By Janet Burstall
New South Wales Minister for Education and Training, Andrew Refshauge, announced a restructure of public education under the mendacious title of "Lifelong Learning". It is in the fine tradition of many job-cutting programs in the Australian public sector, pretending to be a restructure that will improve services - increase "frontline staff" and reduce the number of "bureaucrats".
The big change in this structure is that TAFE and Schools head offices will be amalgamated, made much smaller, and new combined regional centres for administration will be set up. According to Premier Carr it'll be Health next. The Department of Housing has also been marked for restructure, on the same regional lines as education. This only makes sense as a long term agenda to share corporate services, then corporatise them. Corporatisation commonly comes before privatisation.
The restructure is at the direction of the Minister, and its immediate justification is to fulfil Labor's election promise to increase spending on professional development for teachers by $140million and to improve aboriginal education, but by saving $100million per year within the department. They are also looking for cuts to fund public sector pay rises. The brew was distilled in secret by the Minister and senior bureaucrats.
The Public Service Association stands to lose over 700 positions. The Teachers' Federation covers 300 positions marked for return to the classroom from professional support roles.
Public servants are told to learn to cope with "change". If public sector workers and teachers could design the changes themselves they might look like this:
- shorter hours with better pay, especially for the lower paid
- more jobs
- an end to empire building and petty management, staff election of managers, principals, etc
more staff development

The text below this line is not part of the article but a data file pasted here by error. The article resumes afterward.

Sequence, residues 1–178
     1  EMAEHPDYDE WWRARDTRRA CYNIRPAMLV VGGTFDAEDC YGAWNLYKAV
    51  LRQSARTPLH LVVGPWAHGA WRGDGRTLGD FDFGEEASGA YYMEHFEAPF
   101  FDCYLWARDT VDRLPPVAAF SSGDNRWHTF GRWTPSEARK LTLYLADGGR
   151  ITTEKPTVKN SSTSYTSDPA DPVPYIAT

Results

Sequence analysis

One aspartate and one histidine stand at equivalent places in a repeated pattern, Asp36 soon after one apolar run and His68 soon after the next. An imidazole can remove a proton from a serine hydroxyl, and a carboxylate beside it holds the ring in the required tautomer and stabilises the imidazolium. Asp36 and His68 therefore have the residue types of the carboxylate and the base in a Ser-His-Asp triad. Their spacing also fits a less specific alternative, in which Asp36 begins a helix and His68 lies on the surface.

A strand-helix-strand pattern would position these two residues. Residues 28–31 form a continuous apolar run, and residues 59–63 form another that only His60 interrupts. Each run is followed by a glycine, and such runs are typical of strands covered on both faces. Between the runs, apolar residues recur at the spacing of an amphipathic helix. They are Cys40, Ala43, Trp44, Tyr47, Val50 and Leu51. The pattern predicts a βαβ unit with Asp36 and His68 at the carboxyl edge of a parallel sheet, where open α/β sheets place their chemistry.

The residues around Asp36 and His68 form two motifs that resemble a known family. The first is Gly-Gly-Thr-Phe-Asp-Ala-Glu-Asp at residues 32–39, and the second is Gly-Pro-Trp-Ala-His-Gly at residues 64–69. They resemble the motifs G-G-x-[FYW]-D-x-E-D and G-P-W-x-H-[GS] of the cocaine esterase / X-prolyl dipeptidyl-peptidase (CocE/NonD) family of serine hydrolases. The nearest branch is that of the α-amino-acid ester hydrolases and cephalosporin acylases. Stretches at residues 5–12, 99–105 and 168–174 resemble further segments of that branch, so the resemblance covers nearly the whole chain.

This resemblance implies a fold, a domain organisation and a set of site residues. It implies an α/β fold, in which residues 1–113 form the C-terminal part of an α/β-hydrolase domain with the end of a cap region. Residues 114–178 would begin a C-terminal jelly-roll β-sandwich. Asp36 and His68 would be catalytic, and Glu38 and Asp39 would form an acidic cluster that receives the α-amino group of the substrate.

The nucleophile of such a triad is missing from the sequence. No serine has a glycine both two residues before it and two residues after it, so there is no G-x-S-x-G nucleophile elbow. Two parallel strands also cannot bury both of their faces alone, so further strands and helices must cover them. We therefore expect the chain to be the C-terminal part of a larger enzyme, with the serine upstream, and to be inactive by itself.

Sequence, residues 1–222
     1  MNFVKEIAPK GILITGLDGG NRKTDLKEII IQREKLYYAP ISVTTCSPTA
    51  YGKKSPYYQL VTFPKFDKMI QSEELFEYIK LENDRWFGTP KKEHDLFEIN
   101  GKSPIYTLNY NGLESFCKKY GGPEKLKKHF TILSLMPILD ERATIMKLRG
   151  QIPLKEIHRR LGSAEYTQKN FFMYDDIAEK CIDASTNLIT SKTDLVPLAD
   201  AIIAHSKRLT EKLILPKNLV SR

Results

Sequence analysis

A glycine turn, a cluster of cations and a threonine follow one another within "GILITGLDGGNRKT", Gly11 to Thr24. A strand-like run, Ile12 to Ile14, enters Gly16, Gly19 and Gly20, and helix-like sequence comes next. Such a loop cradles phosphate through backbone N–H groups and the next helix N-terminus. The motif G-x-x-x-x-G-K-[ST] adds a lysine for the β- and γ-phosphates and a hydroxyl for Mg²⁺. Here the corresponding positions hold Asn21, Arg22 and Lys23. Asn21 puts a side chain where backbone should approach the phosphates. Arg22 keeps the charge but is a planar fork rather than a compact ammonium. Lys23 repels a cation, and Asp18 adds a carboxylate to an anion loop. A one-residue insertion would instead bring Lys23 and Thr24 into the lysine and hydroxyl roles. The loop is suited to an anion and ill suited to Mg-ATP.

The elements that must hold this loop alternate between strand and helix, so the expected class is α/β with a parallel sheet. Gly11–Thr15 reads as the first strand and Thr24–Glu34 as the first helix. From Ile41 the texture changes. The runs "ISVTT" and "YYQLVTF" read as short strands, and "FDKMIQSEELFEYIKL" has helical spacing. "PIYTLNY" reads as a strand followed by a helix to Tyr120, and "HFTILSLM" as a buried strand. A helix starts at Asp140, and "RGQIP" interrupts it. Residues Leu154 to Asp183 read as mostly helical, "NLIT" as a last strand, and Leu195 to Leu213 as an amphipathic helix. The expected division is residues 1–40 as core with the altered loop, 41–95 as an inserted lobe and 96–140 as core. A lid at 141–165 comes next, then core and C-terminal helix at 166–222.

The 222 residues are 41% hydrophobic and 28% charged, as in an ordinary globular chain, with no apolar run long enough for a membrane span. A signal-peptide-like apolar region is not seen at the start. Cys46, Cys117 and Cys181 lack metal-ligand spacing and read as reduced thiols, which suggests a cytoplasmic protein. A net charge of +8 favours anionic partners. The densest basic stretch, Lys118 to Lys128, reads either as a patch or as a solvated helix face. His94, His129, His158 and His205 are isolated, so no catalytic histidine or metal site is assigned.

upgraded facilities, including taking outsourced services such as cleaning back into the public sector
- partnerships with students and their families (instead of industry and developers) and community needs to be well-funded (rather than starved so that the rich can pay low taxes and use government funded private schools).
Then it wouldn't be the public servants, teachers (or the students and their families) who would be having trouble coping with change.
Instead teachers and support staff, students and their parents have been given five weeks of "consultation" on a document that is so short of detail as to be almost meaningless.
Unfortunately there have been few union successes against the government department restructures of the past. The offering of voluntary redundancies at the right moment has starved support from campaigns to save jobs. Workers in units that seem to be less directly affected (in this case mainly in schools and some TAFE colleges) are grateful not be involved in the stress, and get on with busy jobs, hoping for the best.
But for all the restructures that have supposedly got rid of bureaucratic excess, and put resources back into frontline services, the workloads and stress have only increased, even after the stress of the restructure itself has passed.
NSW Public education needs all 1,000 jobs - no cuts!
Now it would be inspirational if the education unions embarked on a serious campaign to stop the Government making public sector workers routinely pay this price of stress and job cuts, disguised for the public as a restructure to improve education. If teachers and public servants stay united to force the government to back down on the cost-cutting measures involved in this restructure, it should also be possible to enlist the support of P&Cs and the public education lobby.
Activist PSA delegates in the PSA, such as Leon Parissi and Jenny Long are working hard to make sure that the PSA does commit to a serious fight to save the 700 jobs. TAFETA officials Linda Simon and Phil Bradley are very supportive of the need for a united campaign.
The core demands needed for the campaign are:
- no job cuts below SES, and
- for the publication of all the calculations and reasoning behind the restructure proposal.
- full funding for election promises and for public sector salary increases
The Carr Government will argue that it doesn't have the money. The unions will need to demand proper funding to maintain member and community support. We will need to demand proper funding from the State Government:
o The State & Federal Governments should fund public education only, private schools should join the state system to get funded.
o The Federal Government should increase company and top rates of tax.
Both the PSA and Teachers Federation members have begun holding workplace and delegate meetings, the essential starting point for a serious campaign.